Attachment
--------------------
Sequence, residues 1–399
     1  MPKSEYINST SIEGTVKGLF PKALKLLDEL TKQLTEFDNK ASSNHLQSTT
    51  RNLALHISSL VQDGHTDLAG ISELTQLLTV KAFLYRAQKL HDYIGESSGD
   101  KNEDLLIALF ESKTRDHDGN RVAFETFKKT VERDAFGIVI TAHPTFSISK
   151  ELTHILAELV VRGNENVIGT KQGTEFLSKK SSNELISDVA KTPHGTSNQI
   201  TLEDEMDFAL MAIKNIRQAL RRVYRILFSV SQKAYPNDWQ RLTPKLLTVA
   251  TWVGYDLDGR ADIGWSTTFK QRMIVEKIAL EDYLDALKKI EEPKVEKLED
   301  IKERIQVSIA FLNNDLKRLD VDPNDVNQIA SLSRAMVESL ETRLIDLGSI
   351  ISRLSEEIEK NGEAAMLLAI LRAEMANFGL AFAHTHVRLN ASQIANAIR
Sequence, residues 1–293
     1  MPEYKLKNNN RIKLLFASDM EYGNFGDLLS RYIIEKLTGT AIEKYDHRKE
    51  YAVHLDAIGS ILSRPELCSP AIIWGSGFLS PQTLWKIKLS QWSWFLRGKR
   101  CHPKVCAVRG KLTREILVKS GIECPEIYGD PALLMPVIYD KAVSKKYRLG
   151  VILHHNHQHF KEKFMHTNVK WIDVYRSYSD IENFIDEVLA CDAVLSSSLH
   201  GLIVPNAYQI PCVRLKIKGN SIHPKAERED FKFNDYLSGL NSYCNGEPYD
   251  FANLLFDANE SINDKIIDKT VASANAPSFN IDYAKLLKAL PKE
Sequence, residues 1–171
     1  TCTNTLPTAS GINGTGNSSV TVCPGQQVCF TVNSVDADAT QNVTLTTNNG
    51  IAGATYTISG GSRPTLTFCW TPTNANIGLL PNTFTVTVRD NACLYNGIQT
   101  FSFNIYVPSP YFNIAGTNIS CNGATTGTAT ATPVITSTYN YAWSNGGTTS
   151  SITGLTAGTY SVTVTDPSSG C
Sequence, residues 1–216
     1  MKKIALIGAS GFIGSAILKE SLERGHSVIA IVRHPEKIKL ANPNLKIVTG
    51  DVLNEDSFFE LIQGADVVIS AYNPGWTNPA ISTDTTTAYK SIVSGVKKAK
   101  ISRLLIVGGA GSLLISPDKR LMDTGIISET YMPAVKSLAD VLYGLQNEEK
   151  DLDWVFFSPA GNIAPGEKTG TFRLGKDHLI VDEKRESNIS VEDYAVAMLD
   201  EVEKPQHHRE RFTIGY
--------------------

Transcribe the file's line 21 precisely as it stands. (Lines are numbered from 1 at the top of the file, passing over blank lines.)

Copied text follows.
   151  SITGLTAGTY SVTVTDPSSG C